In contrast, Kim Wexler occasionally is the match-to-the-flame that ignites Jimmy’s ill-advised instincts, but she would never betray him. And, although she has engaged in risky behavior and grifter games as Giselle to his Viktor, the check attained is never cashed. She may target someone like Howard Hamlin (Patrick Fabian) for embarrassment and professional ruin, but only if she feels you earned that humiliation and need to be brought down a peg.
Conversely, her true nature is to lend a hand to those in need. Weakness in the face of adversity is not her style. She stands up to Lalo (Tony Dalton) when he threatens Jimmy. She stands up for what she wants when, at her emotional breaking point and on the brink of ending their relationship, she pivots to a marriage proposal. She’s a freaking superhero. And you don’t kill Batman.
But what about characters that don’t deserve to die? There are good, decent people that have only brought joy and healing to the main protagonist. Characters such as Rita (Julie Benz) from Dexter or Jack (Leonardo DiCaprio) from Titanic. Why are their deaths, although appalling, accepted? They embody the sacrificial lamb.
In Dexter, Rita’s murder was the only way to demonstrate how the Trinity Killer (John Lithgow) was able to one-up Dexter (Michael C. Hall), even after he was killed. It also galvanized the series to continue. A domesticated Dexter is not a threat and since we’d never want to see Dexter himself harm her, she was taken from him to keep the conflict alive.
In Titanic, Rose’s (Kate Winslet) journey isn’t to escape the servitude of an impending inharmonious marriage by falling in love with another. Yes, she is in love with Jack and it’s through their affair, she finds the courage to end the strained relationship. However, the real lesson is that she can go on by herself and have a long, meaningful life.
Kim Wexler is a lion, not a sacrificial lamb. It’s precisely the humanizing qualities she brings to Jimmy/Saul that fuels his growth. Getting the girl would not diminish his sociological agency. To paraphrase Jerry McGuire, she completes him.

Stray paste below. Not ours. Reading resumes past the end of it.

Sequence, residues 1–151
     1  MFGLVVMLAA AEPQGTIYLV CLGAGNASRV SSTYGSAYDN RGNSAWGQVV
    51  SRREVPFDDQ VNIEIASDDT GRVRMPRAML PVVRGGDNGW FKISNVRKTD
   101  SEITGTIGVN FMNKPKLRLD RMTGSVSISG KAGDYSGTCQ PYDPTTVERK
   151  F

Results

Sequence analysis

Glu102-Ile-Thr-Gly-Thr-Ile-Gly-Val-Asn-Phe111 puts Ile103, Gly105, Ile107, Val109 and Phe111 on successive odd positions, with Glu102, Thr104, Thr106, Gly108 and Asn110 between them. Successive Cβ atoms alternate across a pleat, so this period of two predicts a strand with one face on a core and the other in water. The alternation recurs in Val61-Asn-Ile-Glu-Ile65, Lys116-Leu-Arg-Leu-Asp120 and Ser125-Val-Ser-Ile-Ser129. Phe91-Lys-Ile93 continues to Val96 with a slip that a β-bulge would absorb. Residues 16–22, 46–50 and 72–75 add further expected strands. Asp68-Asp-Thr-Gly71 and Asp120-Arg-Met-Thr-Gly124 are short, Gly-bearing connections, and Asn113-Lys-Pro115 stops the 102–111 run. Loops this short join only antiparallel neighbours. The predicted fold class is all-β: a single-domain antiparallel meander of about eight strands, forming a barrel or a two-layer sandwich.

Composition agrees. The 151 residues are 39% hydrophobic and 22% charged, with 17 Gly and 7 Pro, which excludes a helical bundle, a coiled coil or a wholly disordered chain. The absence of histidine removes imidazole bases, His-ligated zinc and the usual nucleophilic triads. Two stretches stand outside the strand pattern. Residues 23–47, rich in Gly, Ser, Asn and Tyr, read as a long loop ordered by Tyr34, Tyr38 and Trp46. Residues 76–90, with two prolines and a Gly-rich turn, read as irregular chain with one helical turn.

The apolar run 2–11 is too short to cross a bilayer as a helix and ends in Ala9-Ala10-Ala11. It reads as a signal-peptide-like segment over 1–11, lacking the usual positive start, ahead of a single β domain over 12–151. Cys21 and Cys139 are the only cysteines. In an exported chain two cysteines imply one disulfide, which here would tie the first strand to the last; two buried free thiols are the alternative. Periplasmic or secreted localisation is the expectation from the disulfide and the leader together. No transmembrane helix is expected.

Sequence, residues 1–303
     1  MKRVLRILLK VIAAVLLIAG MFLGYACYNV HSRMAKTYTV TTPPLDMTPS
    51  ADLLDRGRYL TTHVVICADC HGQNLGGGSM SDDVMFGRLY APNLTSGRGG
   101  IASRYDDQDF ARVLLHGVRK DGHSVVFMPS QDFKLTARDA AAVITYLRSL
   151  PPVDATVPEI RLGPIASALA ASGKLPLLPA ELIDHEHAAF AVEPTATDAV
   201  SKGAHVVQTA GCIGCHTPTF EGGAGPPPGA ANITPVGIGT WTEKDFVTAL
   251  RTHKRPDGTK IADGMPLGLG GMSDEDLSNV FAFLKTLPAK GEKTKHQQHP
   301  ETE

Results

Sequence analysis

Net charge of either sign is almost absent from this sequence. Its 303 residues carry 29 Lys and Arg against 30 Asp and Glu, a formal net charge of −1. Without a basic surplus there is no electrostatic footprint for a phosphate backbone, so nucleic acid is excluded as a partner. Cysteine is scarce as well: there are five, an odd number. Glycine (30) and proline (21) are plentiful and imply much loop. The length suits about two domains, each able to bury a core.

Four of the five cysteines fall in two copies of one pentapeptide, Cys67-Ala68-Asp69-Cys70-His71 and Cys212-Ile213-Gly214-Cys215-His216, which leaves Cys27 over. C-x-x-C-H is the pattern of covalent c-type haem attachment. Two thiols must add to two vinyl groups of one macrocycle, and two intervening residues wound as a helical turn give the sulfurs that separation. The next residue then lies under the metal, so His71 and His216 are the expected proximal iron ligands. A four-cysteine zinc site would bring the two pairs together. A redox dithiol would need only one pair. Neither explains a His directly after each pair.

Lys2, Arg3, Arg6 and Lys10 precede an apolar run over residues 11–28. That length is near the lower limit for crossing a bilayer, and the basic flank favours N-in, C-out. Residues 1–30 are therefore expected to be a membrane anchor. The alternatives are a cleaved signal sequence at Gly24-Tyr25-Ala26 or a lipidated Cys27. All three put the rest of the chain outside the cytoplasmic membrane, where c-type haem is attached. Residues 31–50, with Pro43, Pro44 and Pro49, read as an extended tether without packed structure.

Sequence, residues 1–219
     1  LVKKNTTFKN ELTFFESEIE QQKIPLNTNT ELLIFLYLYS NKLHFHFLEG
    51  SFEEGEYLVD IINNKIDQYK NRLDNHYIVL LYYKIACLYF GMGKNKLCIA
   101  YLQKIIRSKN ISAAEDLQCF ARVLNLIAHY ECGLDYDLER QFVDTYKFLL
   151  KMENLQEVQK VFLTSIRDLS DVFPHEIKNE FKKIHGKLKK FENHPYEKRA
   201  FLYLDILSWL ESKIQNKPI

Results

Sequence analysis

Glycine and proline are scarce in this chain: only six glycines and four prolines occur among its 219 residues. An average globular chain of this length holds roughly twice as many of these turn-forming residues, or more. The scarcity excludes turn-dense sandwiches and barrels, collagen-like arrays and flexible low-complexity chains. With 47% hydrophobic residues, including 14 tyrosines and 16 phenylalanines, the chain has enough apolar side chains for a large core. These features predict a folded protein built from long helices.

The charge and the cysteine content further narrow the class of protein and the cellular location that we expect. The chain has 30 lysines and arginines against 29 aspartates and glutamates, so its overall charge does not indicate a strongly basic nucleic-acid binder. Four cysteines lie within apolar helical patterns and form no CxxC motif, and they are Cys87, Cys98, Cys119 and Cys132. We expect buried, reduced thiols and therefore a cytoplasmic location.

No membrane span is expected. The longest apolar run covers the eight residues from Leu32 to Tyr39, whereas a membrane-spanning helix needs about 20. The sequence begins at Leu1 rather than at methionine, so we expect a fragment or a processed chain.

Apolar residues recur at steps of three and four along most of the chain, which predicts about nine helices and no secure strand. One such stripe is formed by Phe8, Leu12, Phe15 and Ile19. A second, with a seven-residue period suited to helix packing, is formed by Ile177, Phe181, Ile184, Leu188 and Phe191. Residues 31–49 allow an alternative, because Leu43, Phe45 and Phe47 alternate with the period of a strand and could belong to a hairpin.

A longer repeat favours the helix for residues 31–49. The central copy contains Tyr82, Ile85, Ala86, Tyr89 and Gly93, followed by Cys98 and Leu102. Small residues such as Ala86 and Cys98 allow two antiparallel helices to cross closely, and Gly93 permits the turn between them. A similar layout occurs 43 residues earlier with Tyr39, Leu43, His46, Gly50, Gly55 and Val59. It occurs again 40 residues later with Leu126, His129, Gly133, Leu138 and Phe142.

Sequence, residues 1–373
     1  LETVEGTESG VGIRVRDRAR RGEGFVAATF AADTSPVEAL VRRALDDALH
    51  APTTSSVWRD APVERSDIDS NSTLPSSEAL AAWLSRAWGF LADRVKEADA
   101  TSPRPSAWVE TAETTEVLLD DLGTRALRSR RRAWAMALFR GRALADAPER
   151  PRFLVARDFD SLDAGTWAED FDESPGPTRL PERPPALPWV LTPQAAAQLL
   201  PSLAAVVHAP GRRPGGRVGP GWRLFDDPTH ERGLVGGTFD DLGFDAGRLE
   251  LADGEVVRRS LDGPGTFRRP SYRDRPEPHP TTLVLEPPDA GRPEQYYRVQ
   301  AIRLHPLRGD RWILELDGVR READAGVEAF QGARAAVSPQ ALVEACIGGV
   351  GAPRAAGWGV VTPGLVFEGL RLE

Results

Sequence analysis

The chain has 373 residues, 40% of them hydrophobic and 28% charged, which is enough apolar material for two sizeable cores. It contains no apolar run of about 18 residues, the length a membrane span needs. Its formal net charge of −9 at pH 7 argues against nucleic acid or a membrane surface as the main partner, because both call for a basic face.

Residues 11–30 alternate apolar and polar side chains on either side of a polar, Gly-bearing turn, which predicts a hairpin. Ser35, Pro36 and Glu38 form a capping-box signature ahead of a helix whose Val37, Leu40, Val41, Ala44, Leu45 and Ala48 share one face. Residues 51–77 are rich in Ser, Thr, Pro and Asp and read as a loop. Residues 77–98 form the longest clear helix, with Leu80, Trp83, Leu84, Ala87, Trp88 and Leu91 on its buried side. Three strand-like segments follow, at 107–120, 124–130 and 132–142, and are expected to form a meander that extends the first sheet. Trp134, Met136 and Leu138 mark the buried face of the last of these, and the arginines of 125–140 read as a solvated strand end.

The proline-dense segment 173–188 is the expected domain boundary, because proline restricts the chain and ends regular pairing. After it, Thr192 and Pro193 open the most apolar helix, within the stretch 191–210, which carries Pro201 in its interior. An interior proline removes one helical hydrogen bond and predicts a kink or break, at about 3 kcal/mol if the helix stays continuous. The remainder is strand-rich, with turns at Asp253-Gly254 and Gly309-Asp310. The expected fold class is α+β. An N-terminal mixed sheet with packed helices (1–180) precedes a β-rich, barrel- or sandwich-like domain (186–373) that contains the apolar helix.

If killing off Kim Wexler makes no narrative sense, what does? There are many possibilities that could pay off the promise of Gould and Gilligan’s beautiful setup. A Shawshank Redemption type ending? Where Jimmy and Kim played the long game and stayed apart during the Breaking Bad period, always intending to be reunited when things get less hot.
Perhaps Ed Galbraith (the late Robert Forester) makes her disappear into a new life due to the cartel becoming a threat to her life. Or is Kim always a shadow figure through the Breaking Bad years, unseen on camera, but the silent partner behind Ice Station Zebra Associates?
Whatever her fate, the final season will flesh out her character in unexpected ways. Producer Gould teased, “You will learn more about Kim’s life before we met her this season. There may be some clues about where her head is really at.” All this implies that Kim is even more enigmatic and compelling a character than was explored in the first five seasons.
So buckle up—it’s hard to imagine Gould and Gilligan have not put Wexler in the narrative driver’s seat. With the stunning, nuanced performance that Rhea Seehorn consistently delivers, it’s bound to be a glorious, bumpy ride.
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Cover image via AMC.